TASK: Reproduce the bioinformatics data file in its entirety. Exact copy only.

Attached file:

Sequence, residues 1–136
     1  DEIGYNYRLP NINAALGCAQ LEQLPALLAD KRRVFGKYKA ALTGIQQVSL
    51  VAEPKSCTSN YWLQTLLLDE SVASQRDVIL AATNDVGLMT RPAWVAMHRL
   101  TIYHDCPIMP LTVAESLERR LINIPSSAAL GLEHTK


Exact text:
Sequence, residues 1–136
     1  DEIGYNYRLP NINAALGCAQ LEQLPALLAD KRRVFGKYKA ALTGIQQVSL
    51  VAEPKSCTSN YWLQTLLLDE SVASQRDVIL AATNDVGLMT RPAWVAMHRL
   101  TIYHDCPIMP LTVAESLERR LINIPSSAAL GLEHTK